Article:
Monday, March 28, 2011

Defense of the Marriage Act
The Marriage Act was put into place on September 21, 1996 by former president Bill Clinton which the federal government defined marriage as a legal union between one man and one woman. Under the law, no state may be required to recognize as a marriage a same- sex relationship considered a marriage in another state. The law passed both houses of Congress by large majorities. Lawmakers in Maryland failed to gather enough votes to pass a bill that would have allowed same-sex couples to marry, withdrawing it from consideration after hours of emotional debate and effectively killing the bill’s chances for passage this year.
The withdrawal capped a tumultuous few weeks, which began with the bill’s sponsors saying that its passage was all but assured and that Maryland would soon become the sixth state to legalize same-sex marriage.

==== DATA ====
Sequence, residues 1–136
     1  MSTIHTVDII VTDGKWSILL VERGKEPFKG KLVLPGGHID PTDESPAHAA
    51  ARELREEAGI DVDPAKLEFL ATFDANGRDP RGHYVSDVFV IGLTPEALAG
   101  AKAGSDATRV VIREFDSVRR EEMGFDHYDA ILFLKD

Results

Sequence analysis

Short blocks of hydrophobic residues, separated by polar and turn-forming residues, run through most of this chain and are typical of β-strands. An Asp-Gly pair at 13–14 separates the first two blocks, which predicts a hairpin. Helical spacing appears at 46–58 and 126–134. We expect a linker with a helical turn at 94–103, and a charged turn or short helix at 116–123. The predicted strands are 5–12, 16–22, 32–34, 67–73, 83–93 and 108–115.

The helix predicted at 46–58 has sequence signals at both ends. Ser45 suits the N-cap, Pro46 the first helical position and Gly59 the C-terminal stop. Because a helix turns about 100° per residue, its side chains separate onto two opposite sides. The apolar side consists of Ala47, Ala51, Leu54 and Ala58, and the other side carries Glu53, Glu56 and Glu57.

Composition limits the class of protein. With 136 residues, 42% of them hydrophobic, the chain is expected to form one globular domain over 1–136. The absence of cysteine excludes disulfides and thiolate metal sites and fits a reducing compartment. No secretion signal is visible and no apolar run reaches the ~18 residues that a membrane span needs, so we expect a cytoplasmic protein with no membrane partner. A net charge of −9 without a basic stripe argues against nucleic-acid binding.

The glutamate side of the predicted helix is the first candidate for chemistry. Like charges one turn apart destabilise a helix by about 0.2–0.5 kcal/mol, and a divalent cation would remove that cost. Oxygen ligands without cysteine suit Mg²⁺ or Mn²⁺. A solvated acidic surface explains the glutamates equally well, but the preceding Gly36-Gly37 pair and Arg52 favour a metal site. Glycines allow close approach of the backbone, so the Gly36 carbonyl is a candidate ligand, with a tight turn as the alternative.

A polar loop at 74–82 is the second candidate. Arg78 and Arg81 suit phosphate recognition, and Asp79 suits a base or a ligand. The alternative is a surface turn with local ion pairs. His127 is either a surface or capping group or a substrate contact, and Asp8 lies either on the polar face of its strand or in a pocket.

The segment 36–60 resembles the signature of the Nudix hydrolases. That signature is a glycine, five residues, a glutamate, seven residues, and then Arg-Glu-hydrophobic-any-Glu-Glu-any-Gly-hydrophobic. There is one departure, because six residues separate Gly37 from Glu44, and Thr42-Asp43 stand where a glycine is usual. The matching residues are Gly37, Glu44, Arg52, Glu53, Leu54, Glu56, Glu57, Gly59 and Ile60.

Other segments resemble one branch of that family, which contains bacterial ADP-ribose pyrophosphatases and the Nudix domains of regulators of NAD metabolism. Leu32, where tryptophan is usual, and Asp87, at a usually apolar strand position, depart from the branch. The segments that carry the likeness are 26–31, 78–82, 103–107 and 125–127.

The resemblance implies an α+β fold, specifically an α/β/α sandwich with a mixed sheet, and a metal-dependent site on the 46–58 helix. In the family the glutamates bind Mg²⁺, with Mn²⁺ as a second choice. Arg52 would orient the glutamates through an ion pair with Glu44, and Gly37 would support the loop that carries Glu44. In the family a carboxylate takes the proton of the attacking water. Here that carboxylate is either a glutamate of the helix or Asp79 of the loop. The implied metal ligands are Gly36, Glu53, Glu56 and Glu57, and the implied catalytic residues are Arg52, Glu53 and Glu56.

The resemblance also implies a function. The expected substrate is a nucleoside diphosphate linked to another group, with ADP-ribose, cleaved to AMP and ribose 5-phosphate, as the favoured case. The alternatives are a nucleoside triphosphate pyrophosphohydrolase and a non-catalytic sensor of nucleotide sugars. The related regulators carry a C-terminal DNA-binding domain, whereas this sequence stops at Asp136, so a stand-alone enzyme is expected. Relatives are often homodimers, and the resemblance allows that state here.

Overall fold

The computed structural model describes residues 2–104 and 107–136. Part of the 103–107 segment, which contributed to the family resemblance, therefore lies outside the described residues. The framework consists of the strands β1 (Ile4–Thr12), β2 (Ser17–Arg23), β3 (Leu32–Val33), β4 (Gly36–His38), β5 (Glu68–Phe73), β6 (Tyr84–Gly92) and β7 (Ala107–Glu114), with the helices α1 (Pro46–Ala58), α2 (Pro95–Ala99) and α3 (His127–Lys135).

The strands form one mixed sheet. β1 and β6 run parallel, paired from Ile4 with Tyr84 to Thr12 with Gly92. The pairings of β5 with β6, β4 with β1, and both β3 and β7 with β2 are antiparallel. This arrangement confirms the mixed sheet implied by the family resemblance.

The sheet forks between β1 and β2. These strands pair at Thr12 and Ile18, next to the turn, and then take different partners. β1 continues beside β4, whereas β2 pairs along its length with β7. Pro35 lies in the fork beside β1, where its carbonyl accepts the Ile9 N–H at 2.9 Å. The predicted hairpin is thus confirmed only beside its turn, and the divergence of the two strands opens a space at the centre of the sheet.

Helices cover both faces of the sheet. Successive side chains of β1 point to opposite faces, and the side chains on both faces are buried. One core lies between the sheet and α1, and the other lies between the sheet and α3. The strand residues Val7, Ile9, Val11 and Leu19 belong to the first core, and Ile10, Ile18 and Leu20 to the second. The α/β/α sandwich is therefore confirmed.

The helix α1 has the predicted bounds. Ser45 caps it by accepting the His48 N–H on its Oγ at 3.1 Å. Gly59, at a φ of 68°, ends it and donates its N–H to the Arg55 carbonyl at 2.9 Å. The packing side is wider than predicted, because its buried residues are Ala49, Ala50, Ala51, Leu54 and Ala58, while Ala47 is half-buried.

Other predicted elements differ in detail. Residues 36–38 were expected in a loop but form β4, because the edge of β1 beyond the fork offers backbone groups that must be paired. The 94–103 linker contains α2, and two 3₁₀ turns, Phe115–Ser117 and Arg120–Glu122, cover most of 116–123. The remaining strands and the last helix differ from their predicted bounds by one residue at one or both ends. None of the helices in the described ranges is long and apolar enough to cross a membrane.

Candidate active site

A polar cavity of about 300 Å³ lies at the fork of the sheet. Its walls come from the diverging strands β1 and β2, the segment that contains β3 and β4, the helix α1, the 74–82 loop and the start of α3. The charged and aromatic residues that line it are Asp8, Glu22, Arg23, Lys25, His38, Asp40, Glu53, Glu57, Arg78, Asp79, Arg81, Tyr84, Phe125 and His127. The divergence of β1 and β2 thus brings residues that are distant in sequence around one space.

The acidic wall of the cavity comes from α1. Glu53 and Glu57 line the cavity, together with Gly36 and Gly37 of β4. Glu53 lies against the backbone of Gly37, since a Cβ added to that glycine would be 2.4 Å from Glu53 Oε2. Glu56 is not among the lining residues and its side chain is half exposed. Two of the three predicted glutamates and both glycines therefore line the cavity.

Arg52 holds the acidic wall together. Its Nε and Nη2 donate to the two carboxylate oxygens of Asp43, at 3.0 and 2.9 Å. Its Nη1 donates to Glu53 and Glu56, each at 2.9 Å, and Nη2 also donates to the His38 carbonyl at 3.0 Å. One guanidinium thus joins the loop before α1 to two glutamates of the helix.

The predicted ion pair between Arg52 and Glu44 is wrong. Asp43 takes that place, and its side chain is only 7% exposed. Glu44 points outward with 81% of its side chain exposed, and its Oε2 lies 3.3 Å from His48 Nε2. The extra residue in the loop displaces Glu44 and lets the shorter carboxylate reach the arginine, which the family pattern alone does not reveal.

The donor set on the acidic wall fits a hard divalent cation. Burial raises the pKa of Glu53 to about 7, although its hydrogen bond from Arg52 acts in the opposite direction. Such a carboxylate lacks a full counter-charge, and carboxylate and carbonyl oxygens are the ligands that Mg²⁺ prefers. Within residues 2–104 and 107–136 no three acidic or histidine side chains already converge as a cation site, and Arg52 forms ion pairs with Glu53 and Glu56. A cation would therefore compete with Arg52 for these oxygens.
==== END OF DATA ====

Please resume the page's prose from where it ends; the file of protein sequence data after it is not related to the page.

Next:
Two national groups that oppose same-sex marriage, the National Organization for Marriage and the Family Research Council, both highlighted African-American and religious opponents of the bill as central to its defeat. Democrats hold 98 of the House’s 141 seats, more than enough to overcome near-total Republican opposition, but ultimately about a third of all Democrats opposed it. The National Organization for Marriage said that it would spend part of the $1 million it had pledged to spend in Maryland to support Democrats who went against the bill, and to oppose the lone Republican who voted for it. The bill’s supporters would settle for no less than full marriage rights, as are legal in Connecticut, Iowa, Massachusetts, New Hampshire, Vermont and the District of Columbia. A Democrat’s proposal to make the bill about civil unions instead of marriage failed. This somehow connects to class because we were discussing certain powers that the president has while in office. We discussed how he can veto bills, call on treaties, start war, etc. This is a great example of the president vetoing bills.

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